Vice-President Albert Gore visited Ukraine on July 22-23 to co-chair a session of the U.S.-Ukrainian interstate commission (Gore-Kuchma commission), with three issues dominating the agenda.
— Ukrainian Reforms. Persuading governing circles in Kyiv to enact economic reforms, in order to qualify for International Monetary Fund loans, was one of Gore’s top priorities on this visit. Its timing, however, was not propitious, coinciding as it did with a leftist takeover of the Ukrainian parliament’s leadership.
— Caspian Oil Transit. Kuchma expressed the hope that the United States will support Ukraine’s offer to provide an economic and safe transit route for Caspian oil to Europe. Washington’s political support for this strategic issue is crucial, Kuchma reportedly stressed. (Background in the Monitor, May 26-27 and June 10)
–Chornobyl nuclear power plant. Gore renewed what have become perennial Western promises to fund the Shelter Implementation Plan (SIP)–that is, the reconstruction of the crumbling sarcophagus hastily built around reactor no. 4 following the 1986 disaster. The SIP is estimated to cost US$760 million, of which only US$390 million have been pledged, and only approximately US$200 million have actually been received by the Shelter Fund. In addition, Ukraine needs US$1.2 billion to complete two power blocks, one at the Rivne and one at the Khmelnitskaya nuclear power plant, to compensate for losing the generating capacity at Chornobyl. In their talks with Gore, the Ukrainian leaders reaffirmed that their intention to close down Chornobyl in the year 2000 remains contingent on receipt of that funding from the G-7 and the European Union countries. Gore agreed with a Ukrainian proposal to call shortly an international conference of private sector donors. (UNIAN, DINAU, Eastern Economist Daily [Kyiv], July 22-24)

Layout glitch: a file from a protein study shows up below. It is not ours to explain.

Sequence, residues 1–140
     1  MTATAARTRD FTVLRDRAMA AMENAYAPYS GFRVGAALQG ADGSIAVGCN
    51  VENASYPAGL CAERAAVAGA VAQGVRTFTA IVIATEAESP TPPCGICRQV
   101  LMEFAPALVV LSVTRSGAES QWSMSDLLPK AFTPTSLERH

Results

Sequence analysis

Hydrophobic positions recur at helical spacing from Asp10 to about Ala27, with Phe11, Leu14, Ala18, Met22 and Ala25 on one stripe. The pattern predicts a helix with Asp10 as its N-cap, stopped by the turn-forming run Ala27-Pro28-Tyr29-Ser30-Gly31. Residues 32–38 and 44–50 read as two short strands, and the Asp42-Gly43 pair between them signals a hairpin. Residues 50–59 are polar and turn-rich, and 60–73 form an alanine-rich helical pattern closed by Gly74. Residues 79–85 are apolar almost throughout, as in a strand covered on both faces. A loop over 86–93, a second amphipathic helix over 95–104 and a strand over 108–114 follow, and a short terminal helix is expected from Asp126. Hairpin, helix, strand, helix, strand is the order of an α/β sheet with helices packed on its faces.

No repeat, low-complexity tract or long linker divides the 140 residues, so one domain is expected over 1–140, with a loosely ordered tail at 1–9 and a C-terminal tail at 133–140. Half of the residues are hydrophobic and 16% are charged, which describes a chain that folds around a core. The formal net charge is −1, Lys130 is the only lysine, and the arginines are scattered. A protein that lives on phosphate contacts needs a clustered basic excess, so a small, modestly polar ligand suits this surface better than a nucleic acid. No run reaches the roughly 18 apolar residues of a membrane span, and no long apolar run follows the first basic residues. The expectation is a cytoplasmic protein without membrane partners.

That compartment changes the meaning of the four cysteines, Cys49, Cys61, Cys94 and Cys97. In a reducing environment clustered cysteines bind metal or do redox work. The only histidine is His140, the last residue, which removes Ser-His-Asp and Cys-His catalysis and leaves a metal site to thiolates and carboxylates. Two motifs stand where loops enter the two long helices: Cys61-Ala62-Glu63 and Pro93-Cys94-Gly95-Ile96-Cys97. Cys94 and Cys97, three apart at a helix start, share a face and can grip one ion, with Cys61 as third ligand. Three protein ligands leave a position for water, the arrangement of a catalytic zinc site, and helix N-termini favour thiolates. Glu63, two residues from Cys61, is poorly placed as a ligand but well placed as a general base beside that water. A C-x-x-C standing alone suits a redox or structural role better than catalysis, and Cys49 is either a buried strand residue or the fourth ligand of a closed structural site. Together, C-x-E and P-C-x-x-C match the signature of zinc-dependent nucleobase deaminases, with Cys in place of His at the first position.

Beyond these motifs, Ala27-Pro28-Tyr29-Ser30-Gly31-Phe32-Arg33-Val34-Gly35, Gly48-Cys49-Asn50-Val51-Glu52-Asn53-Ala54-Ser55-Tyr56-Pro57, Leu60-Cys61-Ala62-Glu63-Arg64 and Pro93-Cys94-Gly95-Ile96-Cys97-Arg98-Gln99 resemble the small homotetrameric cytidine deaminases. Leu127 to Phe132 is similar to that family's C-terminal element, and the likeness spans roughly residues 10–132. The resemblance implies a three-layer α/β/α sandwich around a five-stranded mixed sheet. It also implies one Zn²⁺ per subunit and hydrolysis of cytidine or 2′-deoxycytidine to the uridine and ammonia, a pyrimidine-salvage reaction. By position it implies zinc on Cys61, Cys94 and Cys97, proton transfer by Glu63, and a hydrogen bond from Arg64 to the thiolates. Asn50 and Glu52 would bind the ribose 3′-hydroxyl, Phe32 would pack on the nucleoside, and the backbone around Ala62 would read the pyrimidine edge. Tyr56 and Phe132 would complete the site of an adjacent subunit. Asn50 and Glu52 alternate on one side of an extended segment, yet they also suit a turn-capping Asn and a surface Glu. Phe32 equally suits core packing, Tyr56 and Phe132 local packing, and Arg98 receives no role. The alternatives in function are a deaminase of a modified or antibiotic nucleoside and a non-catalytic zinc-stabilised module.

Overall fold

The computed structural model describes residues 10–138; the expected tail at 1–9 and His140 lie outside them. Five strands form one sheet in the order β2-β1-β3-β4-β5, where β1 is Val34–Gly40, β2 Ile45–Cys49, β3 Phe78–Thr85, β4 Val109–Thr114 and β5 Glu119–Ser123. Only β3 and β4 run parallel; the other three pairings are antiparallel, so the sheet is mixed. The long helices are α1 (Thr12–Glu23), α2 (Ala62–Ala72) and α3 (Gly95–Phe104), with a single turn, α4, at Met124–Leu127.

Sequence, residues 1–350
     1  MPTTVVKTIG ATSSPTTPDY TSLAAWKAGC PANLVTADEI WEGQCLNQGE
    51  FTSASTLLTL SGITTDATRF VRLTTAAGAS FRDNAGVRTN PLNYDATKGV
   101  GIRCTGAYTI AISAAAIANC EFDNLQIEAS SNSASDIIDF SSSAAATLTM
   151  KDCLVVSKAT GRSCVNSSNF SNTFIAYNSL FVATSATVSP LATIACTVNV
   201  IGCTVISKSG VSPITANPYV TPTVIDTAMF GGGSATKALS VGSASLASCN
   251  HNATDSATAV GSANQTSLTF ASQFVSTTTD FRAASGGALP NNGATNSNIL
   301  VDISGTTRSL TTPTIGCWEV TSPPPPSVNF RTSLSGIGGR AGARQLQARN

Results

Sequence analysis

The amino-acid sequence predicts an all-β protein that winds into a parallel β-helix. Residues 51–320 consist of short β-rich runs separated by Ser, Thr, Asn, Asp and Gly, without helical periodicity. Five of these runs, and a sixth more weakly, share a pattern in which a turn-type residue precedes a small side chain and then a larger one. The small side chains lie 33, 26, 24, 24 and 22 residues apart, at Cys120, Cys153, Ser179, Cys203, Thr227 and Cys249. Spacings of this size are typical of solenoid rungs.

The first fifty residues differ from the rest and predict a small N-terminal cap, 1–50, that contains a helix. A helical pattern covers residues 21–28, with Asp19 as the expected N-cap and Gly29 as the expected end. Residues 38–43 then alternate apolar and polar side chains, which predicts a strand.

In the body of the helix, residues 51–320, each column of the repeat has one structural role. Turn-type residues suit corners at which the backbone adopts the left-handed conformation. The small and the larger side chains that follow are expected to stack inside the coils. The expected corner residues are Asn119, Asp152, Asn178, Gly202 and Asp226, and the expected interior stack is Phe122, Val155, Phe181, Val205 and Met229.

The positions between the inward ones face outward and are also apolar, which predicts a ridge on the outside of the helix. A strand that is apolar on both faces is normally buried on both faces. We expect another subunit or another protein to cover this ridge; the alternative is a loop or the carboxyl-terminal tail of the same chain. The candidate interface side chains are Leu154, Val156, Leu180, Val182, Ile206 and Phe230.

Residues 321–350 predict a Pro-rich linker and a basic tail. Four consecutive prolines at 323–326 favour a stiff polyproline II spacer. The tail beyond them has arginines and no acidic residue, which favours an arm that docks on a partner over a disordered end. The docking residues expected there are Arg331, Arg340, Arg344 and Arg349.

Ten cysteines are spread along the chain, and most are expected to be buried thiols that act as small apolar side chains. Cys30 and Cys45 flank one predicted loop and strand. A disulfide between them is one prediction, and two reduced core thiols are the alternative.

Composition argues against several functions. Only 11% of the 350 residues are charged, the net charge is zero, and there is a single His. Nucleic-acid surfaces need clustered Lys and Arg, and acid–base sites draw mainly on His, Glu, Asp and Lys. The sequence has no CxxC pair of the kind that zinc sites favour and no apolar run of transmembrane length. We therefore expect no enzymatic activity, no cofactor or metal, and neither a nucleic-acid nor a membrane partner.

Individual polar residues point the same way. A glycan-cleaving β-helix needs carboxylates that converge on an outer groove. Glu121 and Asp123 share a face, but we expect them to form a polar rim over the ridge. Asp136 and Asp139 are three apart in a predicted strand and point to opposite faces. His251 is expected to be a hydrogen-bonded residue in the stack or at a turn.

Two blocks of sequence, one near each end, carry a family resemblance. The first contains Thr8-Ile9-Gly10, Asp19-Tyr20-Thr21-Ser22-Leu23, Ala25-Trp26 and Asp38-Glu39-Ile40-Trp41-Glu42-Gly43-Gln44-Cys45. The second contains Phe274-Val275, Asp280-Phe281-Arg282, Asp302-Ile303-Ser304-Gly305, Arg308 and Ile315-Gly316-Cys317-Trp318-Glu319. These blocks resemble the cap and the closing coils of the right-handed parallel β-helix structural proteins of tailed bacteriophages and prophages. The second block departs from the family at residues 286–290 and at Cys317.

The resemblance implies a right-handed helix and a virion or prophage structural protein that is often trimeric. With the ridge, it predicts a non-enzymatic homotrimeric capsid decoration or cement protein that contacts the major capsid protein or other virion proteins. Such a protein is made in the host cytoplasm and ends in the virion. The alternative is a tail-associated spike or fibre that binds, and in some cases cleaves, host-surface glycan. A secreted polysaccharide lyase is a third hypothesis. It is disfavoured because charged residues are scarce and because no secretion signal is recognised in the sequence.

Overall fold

ALIEV IN BRITAIN.